Can You Trust a Facebook Profile?

Do people display their actual or idealised personalities on social networking sites?

Do people display their actual or idealised personalities on social networking sites?

There are now over 700 million people around the world with profiles on social networking sites like Facebook and MySpace. In the US 75% of those between 18 and 24 who have access to the internet use social networking sites. And over the past four years, across all adult age-groups, their use has quadrupled.

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‘Social Networking Increases Cancer Risk’ – I Salute the Debunkers!

Debunkers, I salute you!

When I came across this Daily Mail headline last week…

How using Facebook could raise your risk of cancer

…I simply let out a low moan without bothering to read any further. I assumed it was the usual sensationalist rubbish that frequently passes for the media reporting of science. Nowadays, for good or ill, I take it for granted that almost any science story appearing in the newspapers or on TV will be at best misleading and at worst just plain wrong.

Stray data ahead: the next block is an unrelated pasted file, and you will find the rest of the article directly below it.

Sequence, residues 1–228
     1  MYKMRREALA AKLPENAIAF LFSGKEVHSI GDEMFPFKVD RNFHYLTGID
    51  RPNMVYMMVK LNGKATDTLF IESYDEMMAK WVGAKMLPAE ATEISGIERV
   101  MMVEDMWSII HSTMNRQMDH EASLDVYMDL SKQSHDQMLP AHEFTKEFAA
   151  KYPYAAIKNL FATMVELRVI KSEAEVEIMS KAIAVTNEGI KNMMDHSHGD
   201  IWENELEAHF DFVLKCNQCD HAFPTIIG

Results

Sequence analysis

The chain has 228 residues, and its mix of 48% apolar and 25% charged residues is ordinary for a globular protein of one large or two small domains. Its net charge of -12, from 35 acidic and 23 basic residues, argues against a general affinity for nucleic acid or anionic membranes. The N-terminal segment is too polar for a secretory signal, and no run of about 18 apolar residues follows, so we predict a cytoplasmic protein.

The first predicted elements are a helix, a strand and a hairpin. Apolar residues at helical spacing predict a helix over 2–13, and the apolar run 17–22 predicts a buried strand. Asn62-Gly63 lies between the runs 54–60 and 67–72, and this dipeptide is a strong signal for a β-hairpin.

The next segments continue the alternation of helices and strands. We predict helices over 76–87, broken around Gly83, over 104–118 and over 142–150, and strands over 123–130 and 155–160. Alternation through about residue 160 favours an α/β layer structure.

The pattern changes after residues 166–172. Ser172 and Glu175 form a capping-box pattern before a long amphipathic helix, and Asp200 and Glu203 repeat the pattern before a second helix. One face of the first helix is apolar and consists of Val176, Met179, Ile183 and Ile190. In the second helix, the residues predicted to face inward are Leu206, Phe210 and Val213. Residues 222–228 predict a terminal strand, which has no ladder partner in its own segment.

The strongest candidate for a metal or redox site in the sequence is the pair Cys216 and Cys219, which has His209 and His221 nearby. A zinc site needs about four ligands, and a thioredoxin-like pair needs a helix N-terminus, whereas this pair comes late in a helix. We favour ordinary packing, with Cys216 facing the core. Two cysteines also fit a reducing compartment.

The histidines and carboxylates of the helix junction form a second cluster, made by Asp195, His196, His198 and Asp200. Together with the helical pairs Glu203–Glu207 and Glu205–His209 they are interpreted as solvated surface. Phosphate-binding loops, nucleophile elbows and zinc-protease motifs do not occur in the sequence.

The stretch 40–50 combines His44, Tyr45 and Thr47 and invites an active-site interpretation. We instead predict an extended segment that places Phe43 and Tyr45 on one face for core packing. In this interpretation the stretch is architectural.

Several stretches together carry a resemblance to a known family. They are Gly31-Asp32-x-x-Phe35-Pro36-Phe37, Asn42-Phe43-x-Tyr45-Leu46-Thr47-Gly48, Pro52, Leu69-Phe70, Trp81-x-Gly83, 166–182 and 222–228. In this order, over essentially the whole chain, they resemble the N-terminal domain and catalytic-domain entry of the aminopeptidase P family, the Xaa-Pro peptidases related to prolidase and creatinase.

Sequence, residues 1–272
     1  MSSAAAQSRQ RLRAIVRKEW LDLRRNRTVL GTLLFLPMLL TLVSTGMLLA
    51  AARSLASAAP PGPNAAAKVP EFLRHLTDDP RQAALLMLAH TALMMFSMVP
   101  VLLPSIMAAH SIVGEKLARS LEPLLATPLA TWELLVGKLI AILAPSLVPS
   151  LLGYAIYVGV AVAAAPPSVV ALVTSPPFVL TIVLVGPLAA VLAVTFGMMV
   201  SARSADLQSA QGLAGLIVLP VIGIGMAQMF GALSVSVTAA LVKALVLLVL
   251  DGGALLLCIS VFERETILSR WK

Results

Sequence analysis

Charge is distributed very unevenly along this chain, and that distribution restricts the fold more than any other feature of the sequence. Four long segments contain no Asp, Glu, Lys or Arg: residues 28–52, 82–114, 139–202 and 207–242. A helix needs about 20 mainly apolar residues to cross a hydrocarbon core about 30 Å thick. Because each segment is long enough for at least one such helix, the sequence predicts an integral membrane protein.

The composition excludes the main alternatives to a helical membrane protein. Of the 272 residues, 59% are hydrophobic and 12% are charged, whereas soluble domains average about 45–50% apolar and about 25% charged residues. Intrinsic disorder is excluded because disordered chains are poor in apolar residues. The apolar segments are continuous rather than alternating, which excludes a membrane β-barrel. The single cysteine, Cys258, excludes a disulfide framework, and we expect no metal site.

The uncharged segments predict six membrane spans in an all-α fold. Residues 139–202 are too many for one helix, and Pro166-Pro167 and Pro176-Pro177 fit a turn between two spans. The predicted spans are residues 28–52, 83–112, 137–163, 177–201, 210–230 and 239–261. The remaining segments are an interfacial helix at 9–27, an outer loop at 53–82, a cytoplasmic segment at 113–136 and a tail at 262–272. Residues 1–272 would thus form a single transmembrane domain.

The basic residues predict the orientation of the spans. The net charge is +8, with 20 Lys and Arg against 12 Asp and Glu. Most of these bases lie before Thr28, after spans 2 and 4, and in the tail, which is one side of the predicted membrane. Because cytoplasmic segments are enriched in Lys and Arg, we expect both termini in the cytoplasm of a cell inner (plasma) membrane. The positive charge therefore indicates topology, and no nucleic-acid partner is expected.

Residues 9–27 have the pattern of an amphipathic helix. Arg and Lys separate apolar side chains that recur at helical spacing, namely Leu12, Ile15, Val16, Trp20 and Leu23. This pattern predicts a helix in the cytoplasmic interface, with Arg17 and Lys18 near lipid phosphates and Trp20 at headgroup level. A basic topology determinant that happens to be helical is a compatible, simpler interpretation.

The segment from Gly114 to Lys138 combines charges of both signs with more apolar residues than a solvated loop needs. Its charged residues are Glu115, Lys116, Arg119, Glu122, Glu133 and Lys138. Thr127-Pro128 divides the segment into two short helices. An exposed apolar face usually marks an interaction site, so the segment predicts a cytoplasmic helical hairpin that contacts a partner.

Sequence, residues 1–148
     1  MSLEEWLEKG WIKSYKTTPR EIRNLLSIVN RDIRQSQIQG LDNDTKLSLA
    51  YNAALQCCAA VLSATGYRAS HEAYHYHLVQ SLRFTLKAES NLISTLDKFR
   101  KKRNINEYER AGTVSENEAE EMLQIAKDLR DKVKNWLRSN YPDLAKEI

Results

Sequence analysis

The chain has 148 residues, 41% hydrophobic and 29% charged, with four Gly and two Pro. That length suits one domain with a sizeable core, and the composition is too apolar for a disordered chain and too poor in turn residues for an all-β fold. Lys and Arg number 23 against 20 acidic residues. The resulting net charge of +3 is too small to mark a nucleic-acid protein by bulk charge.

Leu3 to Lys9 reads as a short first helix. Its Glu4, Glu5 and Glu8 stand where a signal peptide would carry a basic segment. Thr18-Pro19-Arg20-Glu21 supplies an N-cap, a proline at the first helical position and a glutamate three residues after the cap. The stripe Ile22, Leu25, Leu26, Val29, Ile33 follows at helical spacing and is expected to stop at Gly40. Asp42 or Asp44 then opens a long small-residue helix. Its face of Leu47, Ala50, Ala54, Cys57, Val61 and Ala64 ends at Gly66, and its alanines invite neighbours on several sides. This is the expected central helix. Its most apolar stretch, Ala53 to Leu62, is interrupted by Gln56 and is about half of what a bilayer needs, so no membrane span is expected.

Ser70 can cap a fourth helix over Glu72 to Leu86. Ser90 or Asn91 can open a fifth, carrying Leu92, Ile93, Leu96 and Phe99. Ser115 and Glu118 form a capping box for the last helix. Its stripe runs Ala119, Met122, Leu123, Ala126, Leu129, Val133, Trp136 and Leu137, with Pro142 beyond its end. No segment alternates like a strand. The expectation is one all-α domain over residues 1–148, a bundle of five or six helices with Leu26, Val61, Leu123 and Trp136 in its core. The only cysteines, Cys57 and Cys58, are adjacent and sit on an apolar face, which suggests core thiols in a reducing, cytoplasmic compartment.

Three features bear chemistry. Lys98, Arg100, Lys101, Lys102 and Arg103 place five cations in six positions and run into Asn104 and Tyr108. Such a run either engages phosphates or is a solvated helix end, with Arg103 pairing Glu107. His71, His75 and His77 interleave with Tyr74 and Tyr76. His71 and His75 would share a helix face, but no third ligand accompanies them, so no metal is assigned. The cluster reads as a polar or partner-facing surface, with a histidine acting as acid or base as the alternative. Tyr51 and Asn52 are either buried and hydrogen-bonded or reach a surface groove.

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Men Chatty as Women | Avoid Sloppy Thinking | Facebook Snubbing

Women don’t talk more than men.

Here are a few pointers and thoughts on what I’ve been reading this week on other blogs and elsewhere.

Women don’t talk more than men. New research finds no statistical difference between the amount of words uttered by men and women. Previous research by Louann Brizendine had suggested women speak on average 20,000 words per day while men only speak, on average, 7,000. Wrong! (apparently).

There’s loads more on this from the Language Log. ‘Not Exactly Rocket Science‘ has a good write-up.

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Dodgy Juries, (Un)Ethical Professors, MySpace vs. Facebook

Report on the accuracy, or rather inaccuracy of juries.

Here are some pointers to what I’ve been reading this week on other blogs and elsewhere.

As a former law student I was very interested to see this report on the accuracy, or rather inaccuracy of juries, on Psychology and Crime News. This US study compared the official jury decision with the unofficial opinion of the judge. There were some worrying findings. In 25% of cases the jury convicted the defendant, despite the judge thinking they were innocent. In 14% of cases where the jury acquitted the defendant, the judge thought they were guilty.

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